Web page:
Mechanical contractor McKenney’s cut accident rates and severity using Truce Software to decrease distracted driving in more than 500 company work trucks.
Truce acts like an automatic safety switch on an employee’s phone, temporarily blocking access to distracting apps and features when the employee is in an unsafe area or doing work that requires more focus, such as driving. Once outside of the “boundaries” established by the employer (no longer driving), the employee’s phone automatically returns to normal operation and the apps become accessible again.
Over the past several years, the annual accident rate of commercial vehicles has risen to 20%, with industries like large trucking and pharmaceuticals reaching an even higher percentage,” says Joe Boyle, CEO of Truce Software. “We’re helping our customers to keep their employees focused on the road, reducing preventable accidents and the costs associated with the claims, lost productivity and even lost revenue caused by those events
Michael Tedesco, manager of purchasing and fleet at Atlanta-based McKenney’s, says that the company’s accident rates have decreased by a double-digit percentage since employing the technology more than two years ago.
“What makes that number even more impressive is that we added a million more miles driven and a 13% increase in the number of vehicles on the road,” says Tedesco.
Tedesco says safety plays a big part in the actions of the company. “It’s something McKenny’s takes great pride in and is embedded in our DNA. Our dedication to continuous improvement of safety is part of our culture. We also take pride in hiring subcontractors who demonstrate high safety standards that align with ours. We decided to implement Truce Software—not because it was put upon us by some regulation—but because we wanted to be proactive in getting each driver home safe every day and to make the roads safer for everyone.”
Before rolling out the technology, they piloted it for six months. From the reporting, the company could see benefits with the case study group; people stopped touching their phone altogether while driving and began using voice activation via Bluetooth to operate their phones, which eliminates the hands-off-the-wheel portion of distracted driving.
People like to have control over their mobile devices—even their company ones, and they like instant access to everything all the time. This is what makes mobile smart phones so appealing. But, these are also the same characteristics that lead to the inappropriate use of them. People are using them when they shouldn’t.
“Sending off a quick text while behind the wheel is common. We are all guilty of it, as I used to send texts to my wife to say I will be home late. Until you stop doing it, you don’t realize how often you are using your phone at inappropriate times,” says Tedesco.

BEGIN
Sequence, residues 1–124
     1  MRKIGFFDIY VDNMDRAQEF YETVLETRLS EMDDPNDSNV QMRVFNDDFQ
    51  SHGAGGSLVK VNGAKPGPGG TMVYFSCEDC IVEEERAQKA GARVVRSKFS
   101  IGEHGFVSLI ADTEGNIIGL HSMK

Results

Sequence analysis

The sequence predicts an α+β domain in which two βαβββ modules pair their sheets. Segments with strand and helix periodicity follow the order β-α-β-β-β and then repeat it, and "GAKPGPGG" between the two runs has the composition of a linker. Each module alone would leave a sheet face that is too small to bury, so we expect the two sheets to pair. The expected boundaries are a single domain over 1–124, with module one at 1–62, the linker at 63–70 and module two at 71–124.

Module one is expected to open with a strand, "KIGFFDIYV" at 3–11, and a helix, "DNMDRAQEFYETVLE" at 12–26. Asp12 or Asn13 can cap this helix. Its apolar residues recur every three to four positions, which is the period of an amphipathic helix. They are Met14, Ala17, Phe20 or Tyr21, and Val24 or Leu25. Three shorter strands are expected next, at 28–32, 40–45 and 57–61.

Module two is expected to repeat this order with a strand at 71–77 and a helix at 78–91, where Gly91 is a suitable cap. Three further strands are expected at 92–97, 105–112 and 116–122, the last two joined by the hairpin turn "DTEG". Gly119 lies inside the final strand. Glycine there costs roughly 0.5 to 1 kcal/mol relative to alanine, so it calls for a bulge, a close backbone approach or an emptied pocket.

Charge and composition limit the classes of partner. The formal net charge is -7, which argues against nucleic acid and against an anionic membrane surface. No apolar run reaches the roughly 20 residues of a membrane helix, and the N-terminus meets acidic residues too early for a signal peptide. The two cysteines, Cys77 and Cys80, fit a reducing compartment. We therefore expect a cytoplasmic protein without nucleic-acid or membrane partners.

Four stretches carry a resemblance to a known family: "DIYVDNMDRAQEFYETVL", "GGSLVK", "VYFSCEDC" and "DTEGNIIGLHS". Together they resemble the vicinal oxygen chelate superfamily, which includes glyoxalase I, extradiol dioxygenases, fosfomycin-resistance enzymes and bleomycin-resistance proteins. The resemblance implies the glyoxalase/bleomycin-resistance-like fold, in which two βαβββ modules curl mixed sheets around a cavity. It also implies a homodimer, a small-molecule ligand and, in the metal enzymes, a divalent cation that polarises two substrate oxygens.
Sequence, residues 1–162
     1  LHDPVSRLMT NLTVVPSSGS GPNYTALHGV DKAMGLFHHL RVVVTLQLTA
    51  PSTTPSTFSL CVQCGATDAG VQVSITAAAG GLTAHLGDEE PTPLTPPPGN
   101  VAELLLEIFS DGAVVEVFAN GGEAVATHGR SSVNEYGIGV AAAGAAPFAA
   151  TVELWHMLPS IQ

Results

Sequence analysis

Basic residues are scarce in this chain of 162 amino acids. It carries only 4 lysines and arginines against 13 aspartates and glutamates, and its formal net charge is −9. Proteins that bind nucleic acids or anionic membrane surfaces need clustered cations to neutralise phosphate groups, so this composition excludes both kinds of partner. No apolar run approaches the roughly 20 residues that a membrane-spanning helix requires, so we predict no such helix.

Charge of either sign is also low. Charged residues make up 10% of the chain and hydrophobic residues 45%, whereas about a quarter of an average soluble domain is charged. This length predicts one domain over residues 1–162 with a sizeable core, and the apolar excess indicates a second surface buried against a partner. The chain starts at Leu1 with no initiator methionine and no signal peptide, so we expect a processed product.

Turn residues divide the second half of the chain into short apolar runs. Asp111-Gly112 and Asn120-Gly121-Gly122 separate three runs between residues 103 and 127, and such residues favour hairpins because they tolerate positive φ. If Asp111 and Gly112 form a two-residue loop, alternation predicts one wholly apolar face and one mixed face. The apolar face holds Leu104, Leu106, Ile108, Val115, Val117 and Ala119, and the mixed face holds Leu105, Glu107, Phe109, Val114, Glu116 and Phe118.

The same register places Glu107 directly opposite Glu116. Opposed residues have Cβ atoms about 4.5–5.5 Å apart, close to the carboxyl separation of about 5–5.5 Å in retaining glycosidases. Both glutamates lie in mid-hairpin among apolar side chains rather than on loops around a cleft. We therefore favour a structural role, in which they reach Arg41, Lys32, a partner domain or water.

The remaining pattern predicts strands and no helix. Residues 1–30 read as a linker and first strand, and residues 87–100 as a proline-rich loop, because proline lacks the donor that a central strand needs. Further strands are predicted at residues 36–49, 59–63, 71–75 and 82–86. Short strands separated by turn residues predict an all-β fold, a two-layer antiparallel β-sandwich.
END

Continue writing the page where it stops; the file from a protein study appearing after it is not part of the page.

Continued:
According to Tedesco, the implementation of Truce took some getting used to by the drivers.The first two to three weeks of using the software was the hardest, he says. Initially there was pushback from drivers. Some complained of issues with user functionality. But, by the fourth week, Tedesco says people started to realize the benefits and change their perceptions.
“It is a great perk to be able to use company phones and brand-new trucks we provide our drivers. In an attempt to make sure our drivers go home safe every day, we use Truce software on our phones to ensure that our drivers conduct themselves according to company policy.”
Truce Software helps companies make the most of the mobile technology their employees depend on. The Truce Mobile App instantly recognizes when an employee is in an area where they need to be protected, automatically blocking access to distracting apps and features when they’re not needed on the job. Truce can be deployed in any work environment to improve the safety and productivity of employees behind the wheel, operating heavy equipment or working in job sites that require more focus, such as construction zones or manufacturing floors.
“This was a cultural change. Its use is mandatory company wide and has become second nature. New people—from day one, are using the software,” says Tedesco. “Drivers are more vigilant in operating vehicles—not only on the distraction side, but they are also more aware and courteous drivers.
Using the software not only decreased the number of automobile accidents but has also decreased the severity of accidents (average claim) by 50% 2018 versus 2019, says Tedesco. “It only takes a second to get into an accident, and when you are not on your phone, you have a fighting chance of correcting a situation.”